Our company has been renovating the Esplanade Annex for the past two-and-a-half years. We are interested in learning a little of the building’s history, as well as who some of its past residents were. ~ Christopher C., Fishers, Indiana
If its walls could talk, the Esplanade Annex would no doubt have many interesting stories to tell about the people who have lived in the building since it was constructed more than a century ago. As its name and physical proximity to The Esplanade Apartments and Flats imply, the name of the Esplanade Annex was derived from its slightly older sibling just across the street. Both were built by the same real estate developers and in fairly rapid succession. The Esplanade Apartments and Flats at 3015 North Pennsylvania Street was completed late in 1912. The Esplanade Annex at 3034 North Pennsylvania Street was completed early in 1913.
The vacant land on which the Greek Revival apartment building was erected was owned by Mrs. Ida O. Stanley when it was purchased in the fall of 1912 by the Plummer-Hollingsworth Company. Ida and her husband Clarence, who was also in the real estate business, lived at 1147 North Meridian Street. The land on which the Stanleys’ mansion once stood is now a parking lot tucked underneath Interstate 65. At the time the Esplanade Annex’s lot was acquired, work had just been completed on The Esplanade. The builders merely moved their workers, equipment, tools, and leftover materials across the street.
In the decade between 1905 and 1915, Charles E. Plummer (1872-1939) and Charles E. Hollingsworth (1863-1948) built a number of residential properties — including apartment buildings, doubles, duplexes, and single-family homes — in what is now known as the Mapleton-Fall Creek Neighborhood. Besides the aforementioned Esplanade and Esplanade Annex, in 1913, Hollingsworth built an apartment building two doors south of the Annex, similar to but slightly smaller than the Annex, and in 1916, Plummer built an apartment building two blocks away on the northeast corner of 32nd and Meridian Streets. The building at 3024 North Pennsylvania Street, originally named “The Maurice” for Hollingsworth’s son, is still standing. The building at 3201 North Meridian Street was recently demolished by its current owner, Trinity Episcopal Church.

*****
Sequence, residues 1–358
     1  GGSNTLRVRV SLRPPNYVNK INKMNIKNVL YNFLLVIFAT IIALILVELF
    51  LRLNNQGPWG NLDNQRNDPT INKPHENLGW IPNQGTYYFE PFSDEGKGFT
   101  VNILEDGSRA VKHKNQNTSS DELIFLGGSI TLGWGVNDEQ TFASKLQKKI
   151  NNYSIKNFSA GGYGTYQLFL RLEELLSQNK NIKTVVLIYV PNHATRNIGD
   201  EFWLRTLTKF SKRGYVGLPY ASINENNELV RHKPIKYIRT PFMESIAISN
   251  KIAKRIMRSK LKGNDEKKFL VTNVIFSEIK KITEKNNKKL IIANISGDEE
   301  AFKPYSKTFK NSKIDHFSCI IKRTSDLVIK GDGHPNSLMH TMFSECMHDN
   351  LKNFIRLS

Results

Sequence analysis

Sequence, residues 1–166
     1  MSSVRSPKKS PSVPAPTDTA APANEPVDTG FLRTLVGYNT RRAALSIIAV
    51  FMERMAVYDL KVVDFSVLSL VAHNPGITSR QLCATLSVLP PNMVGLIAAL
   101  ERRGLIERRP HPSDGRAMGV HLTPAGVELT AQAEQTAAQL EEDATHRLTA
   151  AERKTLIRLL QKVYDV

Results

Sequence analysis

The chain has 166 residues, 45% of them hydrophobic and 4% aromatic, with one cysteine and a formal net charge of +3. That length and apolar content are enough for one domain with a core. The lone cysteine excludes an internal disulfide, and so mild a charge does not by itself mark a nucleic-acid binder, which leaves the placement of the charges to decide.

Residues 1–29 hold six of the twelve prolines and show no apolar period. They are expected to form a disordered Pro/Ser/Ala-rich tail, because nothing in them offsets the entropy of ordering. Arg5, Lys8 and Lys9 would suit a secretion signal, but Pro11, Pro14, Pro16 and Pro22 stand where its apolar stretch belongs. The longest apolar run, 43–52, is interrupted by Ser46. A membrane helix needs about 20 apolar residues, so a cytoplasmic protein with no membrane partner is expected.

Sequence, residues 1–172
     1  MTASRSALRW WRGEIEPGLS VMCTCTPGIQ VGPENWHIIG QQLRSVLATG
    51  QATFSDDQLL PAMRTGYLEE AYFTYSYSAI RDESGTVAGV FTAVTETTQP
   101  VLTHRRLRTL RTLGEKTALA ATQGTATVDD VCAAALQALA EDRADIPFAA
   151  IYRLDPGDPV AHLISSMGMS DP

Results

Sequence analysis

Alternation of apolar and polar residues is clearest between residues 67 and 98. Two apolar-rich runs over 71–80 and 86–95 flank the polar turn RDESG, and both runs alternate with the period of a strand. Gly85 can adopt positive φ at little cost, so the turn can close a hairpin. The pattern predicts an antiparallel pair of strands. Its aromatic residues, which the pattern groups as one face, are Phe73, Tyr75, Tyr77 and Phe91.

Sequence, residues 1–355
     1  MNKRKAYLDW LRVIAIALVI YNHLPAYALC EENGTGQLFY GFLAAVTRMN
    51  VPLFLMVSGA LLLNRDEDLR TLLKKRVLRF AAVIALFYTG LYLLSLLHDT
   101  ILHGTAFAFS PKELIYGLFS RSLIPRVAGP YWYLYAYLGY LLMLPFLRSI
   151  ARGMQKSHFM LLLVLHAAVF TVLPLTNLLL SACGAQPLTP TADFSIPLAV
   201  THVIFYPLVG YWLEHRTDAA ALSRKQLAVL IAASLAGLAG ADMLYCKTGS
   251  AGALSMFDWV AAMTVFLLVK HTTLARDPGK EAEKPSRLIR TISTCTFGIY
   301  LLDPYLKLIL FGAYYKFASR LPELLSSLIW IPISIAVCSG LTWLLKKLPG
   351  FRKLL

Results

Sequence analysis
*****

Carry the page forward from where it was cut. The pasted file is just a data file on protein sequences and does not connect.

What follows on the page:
Construction of the two-story Esplanade Annex began late in 1912. The first Indianapolis City Directory in which anyone was listed as residing at 3034 North Pennsylvania Street was 1913. Only one unit was occupied that first year. George B. Rubens and his wife Lena lived in Unit 3, on the south side of the upper level, while they awaited the completion of their new single-family home at 3316 Washington Boulevard.
George Rubens (1870-1929) was a colorful figure. At the time the Rubenses lived in the Annex, George was a department manager at the upscale L. Strauss & Co. men’s clothing store. He later became a vice-president of the Indianapolis Light & Heat Company, which was the forerunner of Indianapolis Power & Light Co. Rubens was also a City Councilman (known today as a “City-County Councillor”). Among the ordinances that Rubens introduced were one to regulate boxing matches and one to limit the length of hatpins. He also led the opposition to the Pennsylvania Railroad’s petition to install surface tracks across Merrill Street between Pennsylvania and Delaware Streets, because he felt it would endanger children walking to any of the several schools in the area. Rubens ran for Mayor of Indianapolis in 1918 but did not win.